Dictionary.com has officially announced its 2021 word of the year, and that word is:
Despite the plethora of divisive stories this year—debates about vaccines, gun safety, education, abortion, the validity of conspiracy theories—this word has prevailed in our collective consciousness. And that alone indicates something much more uplifting: What matters most to people is helping one another.
Stemming from “alliance” (meaning the “merging of efforts or interests by persons, families, states or organizations,” according to Dictionary.com) “allyship” had only been added to the platform a month before earning the 2021 title. And in this year alone, it was in the top 850 searches out of thousands and thousands of words, and its frequency of use has surged 700% since 2020.
📘 The word allyship combines the noun ally, “a person who advocates for or supports a marginalized or politicized group but is not a member of the group,” and -ship, a suffix denoting “status, condition.” (2/11) https://t.co/xo8qd7d8ox
— Dictionary.com (@Dictionarycom) December 6, 2021
Dictionary.com gives two different definitions:
1. advocates and actively works for the inclusion of a marginalized or politicized group in all areas of society but is not a member of that group, and acts in solidarity with its struggle and point of view and under its leadership.
2. the relationship of persons, groups or nations associating and cooperating with one another for a common cause or purpose.
“Vaccine” is Merriam-Webster’s Word of the Year. The word was selected based on lookup data, notable spikes, and year-over-year increases in searches. https://t.co/NQLOsh6CNB
— CNN (@CNN) November 29, 2021
At first glance, “allyship” might appear better suited for 2020, following George Floyd’s death and the rise of the Black Lives Matter movement. And with searing headlines of political discord, pessimistic outlooks on the pandemic and an overall dismal public view of humanity, “allyship” seems … a less than optimal choice. Did they consider “vaccine” like Merriam Webster did? Or “variant”? How about “Delta”? Surely these options better reflect the times?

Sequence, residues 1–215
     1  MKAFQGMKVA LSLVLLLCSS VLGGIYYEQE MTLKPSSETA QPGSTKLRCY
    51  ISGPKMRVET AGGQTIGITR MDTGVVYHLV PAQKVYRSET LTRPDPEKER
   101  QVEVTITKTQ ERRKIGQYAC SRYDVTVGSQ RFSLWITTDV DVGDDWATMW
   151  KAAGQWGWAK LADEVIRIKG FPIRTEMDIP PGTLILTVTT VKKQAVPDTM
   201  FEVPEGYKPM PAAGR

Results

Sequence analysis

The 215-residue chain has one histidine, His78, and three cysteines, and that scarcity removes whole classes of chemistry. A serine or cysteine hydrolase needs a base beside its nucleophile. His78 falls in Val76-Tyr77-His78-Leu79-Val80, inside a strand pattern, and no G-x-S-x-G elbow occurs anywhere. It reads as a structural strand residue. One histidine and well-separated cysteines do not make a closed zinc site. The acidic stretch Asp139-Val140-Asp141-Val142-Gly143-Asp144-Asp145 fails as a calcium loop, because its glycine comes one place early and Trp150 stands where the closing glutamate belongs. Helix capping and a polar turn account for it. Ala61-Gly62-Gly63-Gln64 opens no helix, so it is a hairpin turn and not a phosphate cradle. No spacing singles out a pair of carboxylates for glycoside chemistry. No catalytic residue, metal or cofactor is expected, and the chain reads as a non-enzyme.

Content overseer John Kelly noted, “It might be a surprising choice for some,” but “in the past few decades, the term has evolved to take on a more nuanced and specific meaning. It is continuing to evolve and we saw that in many ways.”
Allyship has now extended to frontline workers, teachers and parents who have gained support and advocacy during the pandemic.
“This year, we saw a lot of businesses and organizations very prominently, publicly, beginning efforts to promote diversity, equity and inclusion. Allyship is tied to that. In the classroom, there is a flashpoint around the term ‘critical race theory’. Allyship connects with this as well,” Kelly said.
The site also noted how a theme of genuine, nonperformative allyship was at the center of many “defining new stories of 2021” that made a lasting positive impact, from Simone Biles and the mental health of athletes to the Great Resignation and workplace burnout.
“These events were notable not only in their own right, of course, but also because of the ways we largely reacted to and discussed them through the lens of who gets a voice, who deserves empathy, and who and what is valued. This was a lens of allyship,” according to Dictionary.com.
When the world is looked at through this lens, perhaps the path toward 2022 is more compassionate and collaborative than our fears would indicate. And perhaps we can take a more elevated view of what it means to be an ally. At the end of the day, we could all use a little more friends and a little less enemies.